The story of Cupcake Brown is a true story that’s emotionally uplifting and inspiring, which motivates the reader to reflect on their own lives. I remember that when I was reading this book for the first time, I was absolutely blown away by the honesty that Cupcake was writing with. When she said “This [prostitution:] ain’t so bad,” she wasn’t afraid of the world knowing about her past, and I felt very emotional because she was only nine and was so innocent and pure.
I learned that Cupcake’s p
Sep 16, 2014 Neelum rated it 5 of 5 stars  ·  review of another edition
Recommends it for: EVERYONE
Shelves: favorites
Cupcake Brown, you have successfully opened my eyes to the world outside my comfortable bedroom. We see things every day and we believe what we see is what it is at the most but reading books and memoirs which are brutally true like “A piece of Cake” makes you aware of how important it is to stand up every time you fall and be grateful for what you have.

When I started reading this, I thought to myself that there is definitely no way that Cup, coming from a background so raw and hazardous would b
The most inspiring biography I've ever encountered. I cried, laughed, and felt the painful moments of her life as she struggled with drug/alcohol addiction and was often homeless because she ran away from her abusive foster family. There were many times when I felt so angry at the corruption of the foster care system and how often she was not believed when she showed her back welts from multiple whippings and yet she was still placed in the same abusive foster home time after time.

When she fina
May 04, 2008 Anne rated it 3 of 5 stars
Recommends it for: Raz
This is a memoir written by a woman practicing law at a big firm in San Francisco. But, before she broke into the corporate world, she had to overcome a horrible childhood. Her mother died when she was 11 and in an unbelievable example of how screwed up our child welfare system is, she ends up in a foster home. With a physically abusive foster mother only interested in checks from the government, Brown is then raped by the foster mother's nephew. Brown runs away repeatedly, turning tricks for mo ...more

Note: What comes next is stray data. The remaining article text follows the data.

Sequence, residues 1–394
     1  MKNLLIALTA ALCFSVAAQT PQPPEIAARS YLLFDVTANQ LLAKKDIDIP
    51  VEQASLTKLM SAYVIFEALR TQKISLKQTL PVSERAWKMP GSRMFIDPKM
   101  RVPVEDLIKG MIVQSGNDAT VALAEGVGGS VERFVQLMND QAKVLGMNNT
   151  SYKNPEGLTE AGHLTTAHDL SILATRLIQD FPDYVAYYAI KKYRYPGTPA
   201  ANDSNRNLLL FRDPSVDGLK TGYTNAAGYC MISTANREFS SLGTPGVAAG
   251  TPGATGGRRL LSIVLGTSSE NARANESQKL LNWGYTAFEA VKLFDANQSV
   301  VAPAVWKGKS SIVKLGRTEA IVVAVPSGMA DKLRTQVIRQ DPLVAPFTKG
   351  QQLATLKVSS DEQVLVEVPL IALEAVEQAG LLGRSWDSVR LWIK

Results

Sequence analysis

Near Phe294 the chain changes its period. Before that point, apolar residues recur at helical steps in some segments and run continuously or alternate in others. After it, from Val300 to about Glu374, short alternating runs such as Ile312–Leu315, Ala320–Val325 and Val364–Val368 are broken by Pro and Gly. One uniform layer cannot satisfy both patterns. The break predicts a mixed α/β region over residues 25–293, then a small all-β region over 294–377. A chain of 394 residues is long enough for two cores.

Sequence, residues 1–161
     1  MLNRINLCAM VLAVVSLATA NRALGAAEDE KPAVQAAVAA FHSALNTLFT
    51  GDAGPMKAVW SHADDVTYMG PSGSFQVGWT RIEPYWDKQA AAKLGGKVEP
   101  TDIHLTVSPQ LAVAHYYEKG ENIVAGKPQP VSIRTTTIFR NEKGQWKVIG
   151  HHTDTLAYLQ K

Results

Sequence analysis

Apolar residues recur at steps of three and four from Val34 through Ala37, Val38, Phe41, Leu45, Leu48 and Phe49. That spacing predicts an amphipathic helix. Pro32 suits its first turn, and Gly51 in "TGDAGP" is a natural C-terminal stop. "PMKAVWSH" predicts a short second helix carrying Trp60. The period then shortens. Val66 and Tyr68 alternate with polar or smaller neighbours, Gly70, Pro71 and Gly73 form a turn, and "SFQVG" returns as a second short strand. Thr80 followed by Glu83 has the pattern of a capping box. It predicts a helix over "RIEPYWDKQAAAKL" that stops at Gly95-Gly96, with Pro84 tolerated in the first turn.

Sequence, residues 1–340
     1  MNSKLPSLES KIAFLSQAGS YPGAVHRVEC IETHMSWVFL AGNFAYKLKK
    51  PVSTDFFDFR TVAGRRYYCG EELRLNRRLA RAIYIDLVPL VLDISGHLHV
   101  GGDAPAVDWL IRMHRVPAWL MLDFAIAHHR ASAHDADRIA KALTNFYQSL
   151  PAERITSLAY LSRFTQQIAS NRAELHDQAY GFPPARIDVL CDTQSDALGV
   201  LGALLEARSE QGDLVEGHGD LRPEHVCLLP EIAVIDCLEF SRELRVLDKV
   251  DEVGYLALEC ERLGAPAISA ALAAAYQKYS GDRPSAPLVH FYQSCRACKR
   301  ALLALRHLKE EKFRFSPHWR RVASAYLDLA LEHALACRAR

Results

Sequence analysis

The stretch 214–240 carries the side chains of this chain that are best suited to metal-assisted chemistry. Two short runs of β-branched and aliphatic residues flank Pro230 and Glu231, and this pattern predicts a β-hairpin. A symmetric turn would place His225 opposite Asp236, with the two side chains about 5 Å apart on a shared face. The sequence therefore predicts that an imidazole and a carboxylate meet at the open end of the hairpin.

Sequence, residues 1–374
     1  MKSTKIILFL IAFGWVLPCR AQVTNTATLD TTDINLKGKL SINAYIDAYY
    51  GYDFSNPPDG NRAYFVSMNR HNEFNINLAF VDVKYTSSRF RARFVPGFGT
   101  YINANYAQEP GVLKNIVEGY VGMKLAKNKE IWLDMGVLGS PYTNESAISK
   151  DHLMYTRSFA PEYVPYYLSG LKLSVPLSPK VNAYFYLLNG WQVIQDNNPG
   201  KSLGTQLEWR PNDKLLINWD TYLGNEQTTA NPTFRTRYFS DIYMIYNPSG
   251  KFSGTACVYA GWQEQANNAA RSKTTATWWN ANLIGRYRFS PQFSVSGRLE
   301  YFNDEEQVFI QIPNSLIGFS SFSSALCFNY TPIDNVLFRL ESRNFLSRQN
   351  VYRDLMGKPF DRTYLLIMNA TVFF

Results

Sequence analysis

Jessica Lin
I believe my love for reading is deeper than most people's. I have always read to escape, to take break from my problems for a while and climb inside someone else mind and gain a different perspective and every time I do this I come away with something new. But A Piece of Cake has given me more than I could have ever expected. This book is for any person who has ever doubted whether they have the ability to change themselves for the better. For the people that have every reason to give up but do ...more
Sarah Goodwin
I see a lot of people complaining about the writing of this book, and, ok, it takes some getting used to. The sentence structuring is weird, and in places there are cliches and over the top dramatic sentences, but, that's how people talk. I found the style to be confidential and chatty. I would be really easy for me, a white, middle class woman with a perfectly nice upbringing, to feel alienated by the world depicted in this book, but the inclusive tone kept me hooked.

Cupcake's story is amazing,
Absolutely loved this memoir! Once I started the book, I could not put it down. I was completely engrossed in following along with Cupcake as she recounted her emotional life journey. Although her story is full of incredible extremes, I think there are several parts of this book that are relatable and can serve as an inspiration to people from all walks of life. On another note, I understand that a book review entails giving your own opinions, but the reviews on here that criticize the way in wh ...more